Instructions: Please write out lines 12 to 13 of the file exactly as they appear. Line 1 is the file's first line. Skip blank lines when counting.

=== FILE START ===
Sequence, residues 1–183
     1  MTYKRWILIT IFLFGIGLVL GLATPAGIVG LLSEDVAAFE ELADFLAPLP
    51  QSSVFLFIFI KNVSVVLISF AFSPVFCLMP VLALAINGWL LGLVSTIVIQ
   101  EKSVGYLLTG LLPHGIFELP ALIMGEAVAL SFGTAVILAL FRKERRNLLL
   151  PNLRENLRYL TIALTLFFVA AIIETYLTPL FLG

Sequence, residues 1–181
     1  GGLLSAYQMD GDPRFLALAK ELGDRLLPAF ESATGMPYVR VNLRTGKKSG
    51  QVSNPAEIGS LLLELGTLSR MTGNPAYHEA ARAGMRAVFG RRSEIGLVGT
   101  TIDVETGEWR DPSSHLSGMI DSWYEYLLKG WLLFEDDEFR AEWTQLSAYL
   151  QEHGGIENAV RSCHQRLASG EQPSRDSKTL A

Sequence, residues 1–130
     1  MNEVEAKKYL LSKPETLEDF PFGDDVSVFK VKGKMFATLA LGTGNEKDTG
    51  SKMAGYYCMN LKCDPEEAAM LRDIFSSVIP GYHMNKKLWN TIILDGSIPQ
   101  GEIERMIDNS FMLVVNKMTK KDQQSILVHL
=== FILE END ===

     1  MNEVEAKKYL LSKPETLEDF PFGDDVSVFK VKGKMFATLA LGTGNEKDTG
    51  SKMAGYYCMN LKCDPEEAAM LRDIFSSVIP GYHMNKKLWN TIILDGSIPQ